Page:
The Confucian-Legalist State analyzes the history of China between the 11th century BCE and 1911 under the guidance of a new theory of social change. It centers on two questions. First, how and why China was unified and developed into a bureaucratic empire under the state of Qin in 221 BCE? Second, how was it that, until the nineteenth century, the political and cultural structure of China that was institutionalized during the Western Han dynasty (206 BCE – 8 CE) showed great resilience, despite great changes in demography, socioeconomic structure, ethnic composition, market relations, religious landscapes, technology, and in other respects brought by rebellions or nomadic conquests? In addressing these two questions, author Dingxin Zhao also explains numerous other historical patterns of China, including but not limited to the nature of ancient China’s interstate relations, the logics behind the rising importance of imperil Confucianism during the Western Han dynasty and behind the formation of Neo-Confucian society during the Song dynasty (960-1279 CE), the changing nature of China’s religious ecology under the age of Buddhism and Neo-Confucianism, the pattern of interactions between nomads and sedentary Chinese empires, the rise and dominance of civilian government, and China’s inability to develop industrial capitalism without the coercion of Western imperialism.

 

Rosemont, “Against Individualism: A Confucian Rethinking of the Foundations of Morality, Politics, Family, and Religion”

In March, Rowman & Littlefield released “Against Individualism: A Confucian Rethinking of the Foundations of Morality, Politics, Family, and Religion” by Henry Rosemont Jr. (Brown University). The publisher’s description follows:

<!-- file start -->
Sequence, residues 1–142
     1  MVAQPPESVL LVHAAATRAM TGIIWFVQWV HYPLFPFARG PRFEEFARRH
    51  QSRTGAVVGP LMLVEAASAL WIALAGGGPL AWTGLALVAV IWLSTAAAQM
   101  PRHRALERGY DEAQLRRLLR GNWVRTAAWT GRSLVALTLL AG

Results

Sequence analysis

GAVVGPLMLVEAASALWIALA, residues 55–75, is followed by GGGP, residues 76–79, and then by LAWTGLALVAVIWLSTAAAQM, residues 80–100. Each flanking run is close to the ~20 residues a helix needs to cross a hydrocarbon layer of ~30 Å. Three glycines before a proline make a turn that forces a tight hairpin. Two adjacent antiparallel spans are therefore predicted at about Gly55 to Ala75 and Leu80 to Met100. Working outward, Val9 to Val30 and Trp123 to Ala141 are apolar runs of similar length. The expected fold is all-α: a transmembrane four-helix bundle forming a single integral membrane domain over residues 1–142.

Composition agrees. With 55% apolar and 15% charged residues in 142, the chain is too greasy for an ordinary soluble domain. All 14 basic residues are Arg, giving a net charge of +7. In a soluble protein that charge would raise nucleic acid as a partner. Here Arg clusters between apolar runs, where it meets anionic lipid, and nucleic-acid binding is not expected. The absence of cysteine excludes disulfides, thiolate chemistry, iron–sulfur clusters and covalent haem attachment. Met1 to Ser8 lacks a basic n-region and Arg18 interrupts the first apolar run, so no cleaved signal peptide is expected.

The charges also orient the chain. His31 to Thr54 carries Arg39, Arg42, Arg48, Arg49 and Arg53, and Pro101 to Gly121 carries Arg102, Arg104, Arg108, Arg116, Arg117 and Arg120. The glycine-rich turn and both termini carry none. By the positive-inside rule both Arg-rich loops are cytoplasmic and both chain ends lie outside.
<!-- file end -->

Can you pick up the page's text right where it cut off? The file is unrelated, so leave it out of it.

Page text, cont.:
The first part of Against Individualism: A Confucian Rethinking of the Foundations of Morality, Politics, Family, and Religion is devoted to showing how and why the vision of human beings as free, independent and autonomous individuals is and always was a mirage that has served liberatory functions in the past, but has now become pernicious for even thinking clearly about, much less achieving social and economic justice, maintaining democracy, or addressing the manifold environmental and other problems facing the world today.

In the second and larger part of the book Rosemont proffers a different vision of being human gleaned from the texts of classical Confucianism, namely, that we are first and foremost interrelated and thus interdependent persons whose uniqueness lies in the multiplicity of roles we each live throughout our lives. This leads to an ethics based on those mutual roles in sharp contrast to individualist moralities, but which nevertheless reflect the facts of our everyday lives very well. The book concludes by exploring briefly a number of implications of this vision for thinking differently about politics, family life, justice, and the development of a human-centered authentic religiousness. This book will be of value to all students and scholars of philosophy, political theory, and Religious, Chinese, and Family Studies, as well as everyone interested in the intersection of morality with their everyday and public lives.

More on Christianity and the Problem of Church and State